And that has to be the first place of any plan – the vision. Depending on your position in a company this will change. For a director is should be a vision incorporating their division. For a manager their team. For an individual their future position within the business.

(Side note – in the Edenchanges management training we present a deeper version of this which challenges everyone, regardless of position, to have a vision for themselves, their department and the company. I’ve simplified the above for purposes of brevity. Also when we cover strategic planning we outline a detailed six step procedure.)

The danger with a vision is that is can be unrealistic and hence my other suggested area of consider – ‘what is most likely to happen’. It’s very important to consider the events that are realistically likely to happen.

You might have the vision to have a top sales team which outperforms all previous years. However if the likelihood is that your weak sales person will still be weak in 12 months then you need to consider a strategy to work around or with that reality.

Good plans are where vision meet realistic expectations and spawn constructive paths of action. Any practical look forward needs to result in real life, daily actions that can be instigated.

That’s how you get more of your predictions to come true.

Until next time; be successful.

Stephen Hart

Owner, Edenchanges

 Photo curtesy of http://periwinkle-stock.deviantart.com/

 ♦♦♦

Edenchanges

Corporate trainers and coaches

Recruitment Training ♦ Sales Training ♦ Management Training ♦ NLP and Communication Training ♦ Linkedin Training ♦ Personal Development Coaching
♦♦♦
Suite A10 Riccall Business Park, Riccall ,York, YO19 6QR
Based in York and working UK wide and internationally
(0)1757 249 380 ♦ enquiries@edenchanges.comhttp://www.edenchanges.com
♦♦♦

Looking Back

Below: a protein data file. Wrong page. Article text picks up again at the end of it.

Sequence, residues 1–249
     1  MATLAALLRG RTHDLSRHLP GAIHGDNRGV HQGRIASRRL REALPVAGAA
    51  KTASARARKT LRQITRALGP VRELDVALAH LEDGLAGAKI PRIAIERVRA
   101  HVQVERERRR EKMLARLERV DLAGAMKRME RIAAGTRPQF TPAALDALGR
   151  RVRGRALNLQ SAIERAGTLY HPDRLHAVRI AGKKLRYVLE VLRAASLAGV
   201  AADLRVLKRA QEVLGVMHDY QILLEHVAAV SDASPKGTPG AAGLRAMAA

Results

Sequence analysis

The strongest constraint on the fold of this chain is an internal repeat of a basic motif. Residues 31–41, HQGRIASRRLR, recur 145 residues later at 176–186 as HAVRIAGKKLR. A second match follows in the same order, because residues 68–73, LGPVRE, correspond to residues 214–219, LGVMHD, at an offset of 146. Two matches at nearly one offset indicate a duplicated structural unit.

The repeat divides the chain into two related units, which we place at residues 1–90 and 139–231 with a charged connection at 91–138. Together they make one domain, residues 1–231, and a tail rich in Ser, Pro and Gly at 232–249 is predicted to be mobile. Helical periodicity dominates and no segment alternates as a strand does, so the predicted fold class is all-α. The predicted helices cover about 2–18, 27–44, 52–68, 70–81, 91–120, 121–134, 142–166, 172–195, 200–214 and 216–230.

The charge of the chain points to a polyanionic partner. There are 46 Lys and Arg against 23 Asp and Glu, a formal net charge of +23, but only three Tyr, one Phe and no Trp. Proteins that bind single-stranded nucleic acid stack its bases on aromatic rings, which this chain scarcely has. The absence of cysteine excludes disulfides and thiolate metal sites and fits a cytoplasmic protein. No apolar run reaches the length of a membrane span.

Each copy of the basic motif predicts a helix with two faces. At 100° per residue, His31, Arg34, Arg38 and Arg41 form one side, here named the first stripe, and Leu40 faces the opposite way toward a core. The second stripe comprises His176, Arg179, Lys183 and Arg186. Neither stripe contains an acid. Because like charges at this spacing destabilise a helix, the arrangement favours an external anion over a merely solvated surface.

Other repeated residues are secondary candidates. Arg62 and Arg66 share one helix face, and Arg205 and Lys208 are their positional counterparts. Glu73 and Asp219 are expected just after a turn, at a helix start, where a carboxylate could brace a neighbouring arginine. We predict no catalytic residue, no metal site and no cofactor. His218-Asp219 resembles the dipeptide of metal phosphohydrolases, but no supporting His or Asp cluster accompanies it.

Looking Back

I’m still on holiday as I write this. Indeed I’m not in my office but rather borrowing my daughters desk to type up this blog. Her Buffy calendar that hangs above her desk right in front of where I’m sitting tells me that tomorrow I return to work.

And the first thing I will be doing tomorrow is not phoning anyone. Because tomorrow is a planning day.

I believe one of the biggest tasks, and indeed one of the most important tasks, that managers and other senior people can do for their businesses is to plan. The question of course comes up of ‘when is it best to plan?’

The answer to that is role specific although as a global answer I would say at least every quarter and really I’d say quarterly is a check point in a rolling plan that incorporates weekly and monthly goals and check points.

When to plan isn’t the thrust of this blog however. What I was more interested in presenting was the idea of reflection or looking back.

The New Year might technically be an artificial point on the calendar but it’s one that we all recognise so let’s use it. I’d offer the thought that the starting point for any plans you might want to make for 2011 is a look back on 2010.

Hindsight has the benefit of incorporating the outcomes and consequences of actions. This can throw up some obvious mistakes and also triumphs from the year. And that’s an important point. Too many people reflect only on the negatives. Recognising what went well in 2010 can give you the building blocks for taking action in 2011.

There are many areas that you can consider when looking back. You might want to reflect by category to ensure you don’t overlook anything:

  • People
  • Systems
  • Products
  • Markets
  • Revenue

etc

Then within those areas you could consider such points as:

  • People – who excelled (and at what), who fell short of expectations, who clashed with who, etc
  • Systems – what worked well, what didn’t get implemented, what could be stopped etc
  • Products – what sold well, what didn’t sell, what new products were released, etc
  • Markets – where was the biggest up takes, what new markets were opened (and by whom selling what?), etc
  • Revenue – how much came from where, how much repeat business, how much new business, where was the most profit made, etc

Those are some quick pointers to get your considering last year. However you do it and whatever you consider it is worth taking some time and looking back.

Next blog – looking forward! Coming soon…

Until next time; be successful.

Stephen Hart

Owner, Edenchanges

 Photo curtesy of http://periwinkle-stock.deviantart.com/

♦♦♦

Edenchanges

Corporate trainers and coaches

Recruitment Training ♦ Sales Training ♦ Management Training ♦ NLP and Communication Training ♦ Linkedin Training ♦ Personal Development Coaching
♦♦♦
Suite A10 Riccall Business Park, Riccall ,York, YO19 6QR
Based in York and working UK wide and internationally
(0)1757 249 380 ♦ enquiries@edenchanges.comhttp://www.edenchanges.com
♦♦♦